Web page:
Not much else has changed since PPP was last in the field, though. Demographically, the two polls are quite similar: This newest survey is 32 percent Republican and 31 percent Democratic, while February's was 33 D, 31 R?not a major difference. We've also included Hari Trivedi this time, an apparently wealthy independent who ran a couple of ads touting his candidacy on Super Bowl Sunday. But while it appears he may pull more from Democrats than Scott Walker, even his presence can't account for Walker's higher vote share.
One thing I'd also point out is that because Democrats are focused on the primary right now (which is coming up on May 8), Walker hasn't really been targeted by negative ads yet. There won't be a lot of time (the general election is on June 5), but with Walker stuck at 50 and Democrats likely to rally around their nominee, there's a good opportunity both to drive his numbers down and to see our numbers to move back up.
On a related note, we also tested the Democratic primary (MoE: 3.4%):
Tom Barrett (D): 38 (45)As you can see, Barrett's lead has been cut substantially from February, again probably due to the linked changes in the voter screen and his favorability numbers. One thing I'd note is that quite a lot of Republicans and a ton of independents say they plan to vote in the Democratic primary, something permitted under Wisconsin law. Indeed, the primary sample contains 41 percent self-identified Democrats, 40 percent indies, and 19 percent Republicans. Among just Democrats, Barrett has a much wider 49-30 lead, and he also leads 37-23 among independents. (Secretary of State Doug La Follette leads among Republicans with 19 percent, either because he's been around forever or because they perceive him as the weakest candidate and are trying to stage a futile Operation Hilarity of their own.)
Kathleen Falk (D): 24 (18)
Doug La Follette (D): 9 (14)
Kathleen Vinehout (D): 6 (6)
Undecided: 22 (17)
Finally, we included a test of the general election ballot in the lieutenant governor's race, where Lt. Gov. Rebecca Kleefisch is likely to face Mahlon Mitchell, president of the Professional Fire Fighters of Wisconsin:
Mahlon Mitchell (D): 40In Wisconsin, the governor and lieutenant governor are elected on the same ticket, but election officials ruled they had to be recalled separately. Mitchell is very much unknown, with favors of 12-25, while Kleefisch stands at a 41-40 in terms of job approvals.
Rebecca Kleefisch (R): 46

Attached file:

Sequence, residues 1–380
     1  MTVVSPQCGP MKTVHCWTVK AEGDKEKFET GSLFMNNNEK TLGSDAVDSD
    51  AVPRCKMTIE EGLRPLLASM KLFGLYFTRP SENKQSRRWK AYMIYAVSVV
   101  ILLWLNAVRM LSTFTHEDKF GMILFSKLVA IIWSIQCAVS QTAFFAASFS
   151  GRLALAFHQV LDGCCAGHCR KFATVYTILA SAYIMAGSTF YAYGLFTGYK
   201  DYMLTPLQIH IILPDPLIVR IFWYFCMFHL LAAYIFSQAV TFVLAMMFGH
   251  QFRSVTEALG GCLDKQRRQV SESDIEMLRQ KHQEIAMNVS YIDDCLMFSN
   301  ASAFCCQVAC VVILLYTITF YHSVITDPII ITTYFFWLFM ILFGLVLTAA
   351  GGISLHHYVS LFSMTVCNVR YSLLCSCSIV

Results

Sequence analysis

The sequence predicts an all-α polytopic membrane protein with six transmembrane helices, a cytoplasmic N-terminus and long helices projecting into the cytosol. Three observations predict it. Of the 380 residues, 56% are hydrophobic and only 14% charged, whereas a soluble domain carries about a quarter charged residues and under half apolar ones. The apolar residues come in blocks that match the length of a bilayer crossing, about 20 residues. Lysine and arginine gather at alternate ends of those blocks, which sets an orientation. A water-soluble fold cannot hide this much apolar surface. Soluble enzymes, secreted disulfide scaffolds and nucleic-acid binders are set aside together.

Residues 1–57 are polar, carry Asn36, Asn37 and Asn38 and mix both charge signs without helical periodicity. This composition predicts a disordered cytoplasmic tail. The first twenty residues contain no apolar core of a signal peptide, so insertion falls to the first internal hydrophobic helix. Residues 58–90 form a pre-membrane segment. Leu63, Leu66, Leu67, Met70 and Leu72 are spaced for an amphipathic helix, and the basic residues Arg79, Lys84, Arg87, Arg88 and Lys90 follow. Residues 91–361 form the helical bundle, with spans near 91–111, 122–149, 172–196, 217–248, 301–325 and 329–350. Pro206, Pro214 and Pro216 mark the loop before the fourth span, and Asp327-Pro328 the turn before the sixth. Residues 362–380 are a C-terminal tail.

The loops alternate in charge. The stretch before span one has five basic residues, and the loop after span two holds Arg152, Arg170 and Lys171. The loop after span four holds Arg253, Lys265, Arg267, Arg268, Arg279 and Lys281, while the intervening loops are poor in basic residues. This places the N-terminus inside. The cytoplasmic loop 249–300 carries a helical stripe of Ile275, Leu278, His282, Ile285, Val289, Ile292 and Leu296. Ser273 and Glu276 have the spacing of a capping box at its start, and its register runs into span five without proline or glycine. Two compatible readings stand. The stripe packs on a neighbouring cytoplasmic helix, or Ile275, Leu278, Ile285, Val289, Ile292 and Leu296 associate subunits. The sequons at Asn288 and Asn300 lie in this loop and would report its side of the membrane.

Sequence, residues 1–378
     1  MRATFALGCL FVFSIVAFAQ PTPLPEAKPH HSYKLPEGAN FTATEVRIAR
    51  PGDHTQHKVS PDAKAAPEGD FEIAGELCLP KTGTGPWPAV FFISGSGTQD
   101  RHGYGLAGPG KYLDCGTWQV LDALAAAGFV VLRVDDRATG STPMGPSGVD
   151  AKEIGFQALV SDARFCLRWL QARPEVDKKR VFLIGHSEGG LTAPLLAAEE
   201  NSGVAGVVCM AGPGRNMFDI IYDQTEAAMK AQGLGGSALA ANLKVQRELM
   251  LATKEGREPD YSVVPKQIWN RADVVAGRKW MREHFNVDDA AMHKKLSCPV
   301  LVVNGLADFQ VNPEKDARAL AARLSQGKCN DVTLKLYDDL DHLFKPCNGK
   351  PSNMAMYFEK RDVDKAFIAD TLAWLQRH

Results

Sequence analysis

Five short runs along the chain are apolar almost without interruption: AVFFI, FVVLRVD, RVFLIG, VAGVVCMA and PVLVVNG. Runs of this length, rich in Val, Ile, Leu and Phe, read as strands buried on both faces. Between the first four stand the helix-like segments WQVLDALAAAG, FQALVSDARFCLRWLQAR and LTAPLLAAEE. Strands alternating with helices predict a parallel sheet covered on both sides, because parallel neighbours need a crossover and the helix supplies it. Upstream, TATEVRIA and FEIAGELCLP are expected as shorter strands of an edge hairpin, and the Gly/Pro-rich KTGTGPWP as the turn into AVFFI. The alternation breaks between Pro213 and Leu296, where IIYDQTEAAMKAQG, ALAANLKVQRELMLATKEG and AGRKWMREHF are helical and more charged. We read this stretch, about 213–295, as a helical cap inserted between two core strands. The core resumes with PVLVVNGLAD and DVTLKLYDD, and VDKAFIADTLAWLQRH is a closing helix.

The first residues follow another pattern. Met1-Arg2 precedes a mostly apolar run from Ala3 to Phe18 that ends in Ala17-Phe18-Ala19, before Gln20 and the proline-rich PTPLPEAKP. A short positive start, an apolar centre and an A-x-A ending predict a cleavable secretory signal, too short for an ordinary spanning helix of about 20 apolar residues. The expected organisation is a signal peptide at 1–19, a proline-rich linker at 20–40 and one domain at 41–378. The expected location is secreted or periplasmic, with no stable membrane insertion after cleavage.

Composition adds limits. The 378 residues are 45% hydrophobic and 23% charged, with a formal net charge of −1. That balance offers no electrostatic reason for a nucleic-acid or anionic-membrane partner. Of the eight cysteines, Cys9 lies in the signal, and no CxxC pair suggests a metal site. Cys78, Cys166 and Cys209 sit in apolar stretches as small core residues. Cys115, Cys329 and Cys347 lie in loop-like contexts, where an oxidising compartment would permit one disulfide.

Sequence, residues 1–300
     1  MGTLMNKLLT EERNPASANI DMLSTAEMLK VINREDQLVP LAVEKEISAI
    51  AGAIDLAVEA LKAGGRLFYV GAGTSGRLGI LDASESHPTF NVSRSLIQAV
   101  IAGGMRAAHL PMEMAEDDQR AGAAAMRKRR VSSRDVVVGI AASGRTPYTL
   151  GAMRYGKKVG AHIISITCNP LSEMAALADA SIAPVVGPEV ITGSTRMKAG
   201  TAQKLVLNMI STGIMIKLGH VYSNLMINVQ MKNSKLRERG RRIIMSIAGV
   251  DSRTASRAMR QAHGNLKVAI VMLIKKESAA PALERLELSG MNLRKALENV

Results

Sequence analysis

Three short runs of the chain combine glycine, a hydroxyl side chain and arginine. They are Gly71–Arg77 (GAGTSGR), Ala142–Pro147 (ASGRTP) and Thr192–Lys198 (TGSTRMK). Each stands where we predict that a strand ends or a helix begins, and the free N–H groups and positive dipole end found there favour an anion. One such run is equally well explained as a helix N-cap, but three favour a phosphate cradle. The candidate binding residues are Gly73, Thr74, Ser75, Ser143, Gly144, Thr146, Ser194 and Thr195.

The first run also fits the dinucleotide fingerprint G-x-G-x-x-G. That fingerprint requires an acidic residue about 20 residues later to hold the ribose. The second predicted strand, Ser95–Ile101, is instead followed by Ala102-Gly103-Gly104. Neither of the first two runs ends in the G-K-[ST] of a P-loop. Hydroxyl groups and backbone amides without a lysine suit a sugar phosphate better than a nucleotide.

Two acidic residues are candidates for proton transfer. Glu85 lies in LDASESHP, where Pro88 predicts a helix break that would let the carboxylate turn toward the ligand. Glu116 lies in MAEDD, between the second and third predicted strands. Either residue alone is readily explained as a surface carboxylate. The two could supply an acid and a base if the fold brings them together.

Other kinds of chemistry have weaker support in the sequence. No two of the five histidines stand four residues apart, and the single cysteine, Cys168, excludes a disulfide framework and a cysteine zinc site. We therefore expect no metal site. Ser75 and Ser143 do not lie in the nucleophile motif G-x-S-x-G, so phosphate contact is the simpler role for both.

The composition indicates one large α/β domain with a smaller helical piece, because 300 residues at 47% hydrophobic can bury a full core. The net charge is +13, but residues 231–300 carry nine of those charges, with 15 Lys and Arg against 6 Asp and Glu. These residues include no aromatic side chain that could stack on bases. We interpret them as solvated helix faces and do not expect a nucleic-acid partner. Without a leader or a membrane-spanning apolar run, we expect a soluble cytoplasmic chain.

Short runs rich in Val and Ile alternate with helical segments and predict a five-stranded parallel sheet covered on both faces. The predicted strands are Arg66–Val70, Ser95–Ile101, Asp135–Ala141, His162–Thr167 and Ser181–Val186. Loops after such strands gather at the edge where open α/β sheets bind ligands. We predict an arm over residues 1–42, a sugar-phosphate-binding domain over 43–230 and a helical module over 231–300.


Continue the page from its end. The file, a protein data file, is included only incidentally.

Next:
The prolonged Republican primary forced Mitt Romney to take stances on a host of controversial issues to win the allegiance of conservative voters. That could be alienating now that he is moving to the general election. His opposition to reproductive rights, harsh tone on immigration, and deference to Paul Ryan's budget have been the centerpiece of the campaign so far; he has also turned against gay rights, a move that puts Romney out of touch from the increasing majority of Americans who favor same-sex marriage. During debates Romney tried to cast himself as nondiscriminatory in his interactions with LBGT individuals but settled on a hardline opposition to same-sex marriage.
"From the very beginning in 1994, I said to the gay community, I do not favor same-sex marriage. I oppose same-sex marriage and that has been my view," Romney said in January. He reiterated that stance in February, disparaging a court's decision to overturn Proposition 8. "I believe marriage is between a man and a woman and, as president, I will protect traditional marriage and appoint judges who interpret the Constitution as it is written and not according to their own politics and prejudices,? Romney said in a statement.
That stance doesn't only put Romney out of step with the mainstream; it also distances the presumptive Republican nominee from a collection of his biggest donors:
Paul Singer, Dan Loeb and Cliff Asness ? three hedge fund managers and major players in donor circles ? each cut six-figure checks toward the landmark effort to legalize gay marriage in New York.
The New York moneymen and some other Republican movers-and-shakers ? such as former George W. Bush campaign manager Ken Mehlman, who came out two years ago and is now raising money from a broad swath of donors to push for gay marriage but who hasn?t made a presidential campaign endorsement ? are at odds with Romney, who signed a pledge proffered by the conservative National Organization for Marriage promising to, among other things, support ?sending a federal marriage amendment defining marriage as the union of one man and one woman to the states for ratification.?
Polls have shown a steady increase in support for marriage equality. A Washington Post/ABC News survey from March found 53 percent supporting legalized same-sex marriage with just 44 percent saying it should be illegal.
The real problem for Romney and the Republican Party in general is not just the wider overall acceptance but also the distribution of support. Young people?even many of a conservative ilk?accept same-sex unions as a given fact, a no-brainer policy that puts the United States out of touch with modernity. It's equally accepted among the elite moneyed class that pushes the GOP's anti-tax platform. This class group has a long history of tying themselves to social conservatives to gain the votes for their low tax rates, but opposition to gay marriage is increasingly untenable among the socially accepting ranks of the country's elite. He may be able to skate by in the upcoming election thanks to Obama's own waffling on the issue, but if Romney spends the fall demonizing same-sex marriage it could further alienate his party from not only the next generation of voters, but also the wealthy individuals who fund their campaigns.